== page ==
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It was always unlikely the Phoenix Suns would enter the 2023-24 season with Chris Paul on his $30.8 million salary as their starting point guard. Wednesday’s barrage of reports provided ample confusion, but that general point remains true.
Initially, Bleacher Report’s Chris Haynes reported the Suns had notified Paul that he would be waived. That turned out to be false, as The Athletic’s Shams Charania noted the two sides were working to find a resolution that made sense for CP3 and the Suns organization, whether that be waiving him, stretching and waiving him, or trading him outright.
ESPN’s Adrian Wojnarowski confirmed Charania’s report, adding that Paul’s preference is to remain in Phoenix alongside Devin Booker and Kevin Durant, but that his representatives want an answer well ahead of the June 28 deadline for guaranteeing his contract.
None of this should be surprising. ESPN’s Brian Windhorst and Arizona Sports’ John Gambadoro have been hinting at these possibilities all week, and The Four-Point Play’s David Nash wrote about these scenarios two years ago when Paul first re-signed with the team. At age 38, Paul is simultaneously waging battles with Father Time and his injury woes.
However, because misinformation can run rampant during times like these, here’s what you need to know about each of the Suns’ three options with Paul.
Waiving Chris Paul
The first option is waiving Chris Paul outright. Only $15.8 million of his $30.8 million salary is guaranteed for next season, which means if Paul were to be waived, he would only make $15.8 million. That amount would also count toward the Suns’ salary cap sheet.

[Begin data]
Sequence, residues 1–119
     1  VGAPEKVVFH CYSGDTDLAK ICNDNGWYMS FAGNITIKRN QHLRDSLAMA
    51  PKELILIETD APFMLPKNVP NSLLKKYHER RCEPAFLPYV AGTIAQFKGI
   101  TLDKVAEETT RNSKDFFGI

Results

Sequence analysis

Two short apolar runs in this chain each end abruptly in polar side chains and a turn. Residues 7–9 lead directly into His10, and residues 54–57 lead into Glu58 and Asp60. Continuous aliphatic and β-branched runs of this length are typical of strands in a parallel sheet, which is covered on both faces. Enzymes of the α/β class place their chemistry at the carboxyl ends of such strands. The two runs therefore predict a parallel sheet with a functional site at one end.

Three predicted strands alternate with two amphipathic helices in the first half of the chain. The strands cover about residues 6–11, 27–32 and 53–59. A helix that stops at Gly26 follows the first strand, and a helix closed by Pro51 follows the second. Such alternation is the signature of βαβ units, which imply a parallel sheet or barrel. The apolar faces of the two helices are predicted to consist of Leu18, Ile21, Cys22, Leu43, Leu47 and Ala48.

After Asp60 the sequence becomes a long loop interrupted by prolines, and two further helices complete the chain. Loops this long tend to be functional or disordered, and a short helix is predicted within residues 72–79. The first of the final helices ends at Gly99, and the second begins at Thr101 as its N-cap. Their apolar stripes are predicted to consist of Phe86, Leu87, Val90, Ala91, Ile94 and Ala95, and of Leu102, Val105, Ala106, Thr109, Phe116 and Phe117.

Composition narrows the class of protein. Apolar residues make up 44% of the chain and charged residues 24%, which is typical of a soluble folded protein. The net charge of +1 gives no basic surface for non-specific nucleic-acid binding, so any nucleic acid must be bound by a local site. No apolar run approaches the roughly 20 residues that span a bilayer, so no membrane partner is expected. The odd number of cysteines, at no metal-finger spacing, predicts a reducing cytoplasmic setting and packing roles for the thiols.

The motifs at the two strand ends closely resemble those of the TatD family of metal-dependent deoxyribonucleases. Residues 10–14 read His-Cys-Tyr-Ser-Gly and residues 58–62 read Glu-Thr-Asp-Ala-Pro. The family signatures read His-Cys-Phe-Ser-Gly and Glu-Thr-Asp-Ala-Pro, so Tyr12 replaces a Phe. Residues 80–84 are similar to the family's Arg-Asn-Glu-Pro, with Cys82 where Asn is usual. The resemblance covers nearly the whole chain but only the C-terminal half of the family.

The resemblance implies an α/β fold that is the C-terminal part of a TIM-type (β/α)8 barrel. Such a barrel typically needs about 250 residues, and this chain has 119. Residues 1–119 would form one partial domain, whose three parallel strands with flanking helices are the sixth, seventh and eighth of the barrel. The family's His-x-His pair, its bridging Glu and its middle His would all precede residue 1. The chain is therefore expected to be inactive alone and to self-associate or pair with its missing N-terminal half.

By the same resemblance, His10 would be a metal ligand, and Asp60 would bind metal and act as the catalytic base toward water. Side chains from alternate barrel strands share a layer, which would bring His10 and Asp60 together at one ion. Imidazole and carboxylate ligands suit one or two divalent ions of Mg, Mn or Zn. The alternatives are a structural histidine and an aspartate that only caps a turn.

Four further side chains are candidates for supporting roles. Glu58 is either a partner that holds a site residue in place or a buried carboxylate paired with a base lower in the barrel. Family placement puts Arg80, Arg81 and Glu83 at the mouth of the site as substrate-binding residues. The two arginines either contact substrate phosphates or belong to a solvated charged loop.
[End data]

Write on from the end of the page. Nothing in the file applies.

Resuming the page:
Paul would be put on waivers, at which point any other team in the league could pick him up for his full contract amount. In other words, if a team like the San Antonio Spurs, Houston Rockets or Detroit Pistons wanted to claim him off waivers, they would need to be far enough under the cap to commit to his full $30.8 million salary.
If the 38-year-old point guard cleared waivers with no one claiming him, he’d become an unrestricted free agent, at which point he could sign with any team of his choosing — including the Suns.
Waiving him outright opens the door for the Suns to re-sign Chris Paul for a lesser amount. He’d still earn his guaranteed $15.8 million, plus another $3 million (approximately) if they re-signed him to a veteran minimum deal, which doesn’t count against the cap. Phoenix would essentially go from paying him $31 million next season to around $19 million.
That wouldn’t save them salary cap room, since the Suns are already projected to be over the cap regardless. It would, however, keep them further away from the NBA’s new second luxury tax apron. Teams that cross that second tax apron will lose access to their mid-level exception — a valuable tool for roster-building, especially as a luxury tax team, since tax-paying teams can offer $5 million annually with the MLE.
In this scenario, there’s a chance the Suns could waive Paul and re-sign him once he clears waivers, which would allow them to keep an intrinsic part of their success from the last three years while still ducking the second tax apron to preserve their MLE.
As we already mentioned, waiving Paul does not free up salary cap space. The Suns are already over the cap with the money owed to Booker, Durant and Deandre Ayton, plus the $15.8 million in guaranteed money they owe CP3. As such, waiving Paul wouldn’t suddenly open up $31 million in cap space to go sign a max-level free agent, nor would it even open up $15 million to spend elsewhere.